articles about Colombia. And...
LAMB: Some of that's in here?
Ms. GUILLERMOPRIETO: They're all in there. Yeah.
LAMB: You know, that's actually what I wanted to ask you about next,
was the--the Colombia stories.
Ms. GUILLERMOPRIETO: I see.
LAMB: And first of all, have you seen the recent figures on how much
foreign aid goes to Colombia?
Ms. GUILLERMOPRIETO: Yeah. I think for fiscal year 2000, 2001, a
billion has already been allocated out of the $3 billion plus.
LAMB: So it puts it right up there near--right after Israel and Egypt
Ms. GUILLERMOPRIETO: That's exactly where it puts it, yeah, in the
LAMB: ...Jordan. Yeah. In that...
Ms. GUILLERMOPRIETO: Yeah. After...
LAMB: Why? Why do we give that much money to Colombia?
Ms. GUILLERMOPRIETO: Because when you don't know what to do about a
problem, you throw money at it, I think, is one of the good reasons.
Because the money was there. Because I think probably the Clinton
administration thought that it would look good and that nobody in
their right mind would say, `Well, don't give money to a drug war.
The drug war is a a big problem.' I think it's a disaster, but that's
LAMB: Who is Rosa?
Ms. GUILLERMOPRIETO: Rosa was the name I gave a woman I met just
after she had been detained. I was lucky enough to find out that she
was being held, not in prison. She was being detained prior to her
trial. She was a woman, maybe a little younger than me, who started
out as a revolutionary and ended up as a right-wing paramilitary, and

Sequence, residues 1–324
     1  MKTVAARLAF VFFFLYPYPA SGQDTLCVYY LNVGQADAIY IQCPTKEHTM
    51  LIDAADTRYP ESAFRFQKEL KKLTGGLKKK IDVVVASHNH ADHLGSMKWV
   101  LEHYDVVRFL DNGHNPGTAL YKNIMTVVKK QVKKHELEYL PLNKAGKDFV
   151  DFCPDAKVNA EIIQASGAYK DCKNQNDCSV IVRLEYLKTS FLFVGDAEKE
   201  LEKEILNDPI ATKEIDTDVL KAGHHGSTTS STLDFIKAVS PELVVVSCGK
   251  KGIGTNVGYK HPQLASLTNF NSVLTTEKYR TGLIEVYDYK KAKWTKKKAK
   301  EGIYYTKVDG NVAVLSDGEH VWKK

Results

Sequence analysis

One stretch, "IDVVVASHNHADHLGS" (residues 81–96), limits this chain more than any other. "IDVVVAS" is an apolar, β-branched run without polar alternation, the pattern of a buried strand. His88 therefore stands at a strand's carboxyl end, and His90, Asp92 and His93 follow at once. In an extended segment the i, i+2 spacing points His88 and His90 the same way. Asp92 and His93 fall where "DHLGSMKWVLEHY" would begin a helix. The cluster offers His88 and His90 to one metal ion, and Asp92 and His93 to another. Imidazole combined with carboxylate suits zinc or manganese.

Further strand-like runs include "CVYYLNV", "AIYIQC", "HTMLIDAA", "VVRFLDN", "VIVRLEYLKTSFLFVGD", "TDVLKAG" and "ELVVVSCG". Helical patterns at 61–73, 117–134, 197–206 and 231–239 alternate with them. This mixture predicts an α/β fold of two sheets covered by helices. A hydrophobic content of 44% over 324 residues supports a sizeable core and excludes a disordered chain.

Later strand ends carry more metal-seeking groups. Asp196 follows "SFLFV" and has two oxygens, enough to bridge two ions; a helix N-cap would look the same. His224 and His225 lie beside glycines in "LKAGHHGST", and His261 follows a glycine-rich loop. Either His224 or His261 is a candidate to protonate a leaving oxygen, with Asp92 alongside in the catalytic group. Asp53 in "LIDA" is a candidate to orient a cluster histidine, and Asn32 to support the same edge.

who was happy to tell me how the paramilitaries butchered people in
order to keep the revolutionaries away. And to me, she was a way of
understanding the terrible mess that Colombia has become, the--the
enormous difficulty of trying to understand it, the enormous
difficulty of trying to live in the middle of this series of
intertwined conflicts that here in the United States is called a war,
as if there were only one war, and--and how to keep your balance and
place yourself and be a participant in that history.
This woman--you know, by rights, I should have been horrified by her
and I was. She--she always said that she didn't participate directly
in any of the political violence. She had never murdered anyone. But
I think a lot of her role was to--in her community work with the
villages and--and the campesinos, the peasants was to justify these
massacres and to say that this was the only way to fight for justice
in Colombia. I was horrified, but at the same time, I could
understand her perplexity at having been born the child of war, which
she was, and--and not finding any path for herself, any way to be in
the world that didn't involve violence.
LAMB: There--there is one scene that got my attention when you
ta--talked about her being tortured and somebody using pliers and
pulling off her teeth.
Ms. GUILLERMOPRIETO: A--actually, if--if you want to be specific
about it, what they did was they took the pliers and they broke off
her teeth so that they--they were all broken at the root. They
weren't pulled out, but broken. And that's why she could have caps
put on them. And that's why she showed me that all of her teeth had
LAMB: Why were they doing that?
Ms. GUILLERMOPRIETO: And then they jumped on her stomach. And then
they made her stand all night while she was bleeding and then they let
her go. They would...
LAMB: Who was doing that to her?
Ms. GUILLERMOPRIETO: Well, this is the interesting thing. She was
kidnapped at the time that she was still working with the left-wing
guerrillas. And apparently, they had invaded--the guerrillas and the
campesinos that the guerrillas were organizing had invaded a ranch
owned by somebody with close ties to the paramilitary. And this was a
bad mistake. In Colombia, you should always try to find out who
you're kidnapping and--or whose land you're invading, because if
you're kidnapping a drug trafficker or if you're invading a
paramilitary's land, then you're in for real trouble.
LAMB: Let me stop because I'm a little confused. What's a right-wing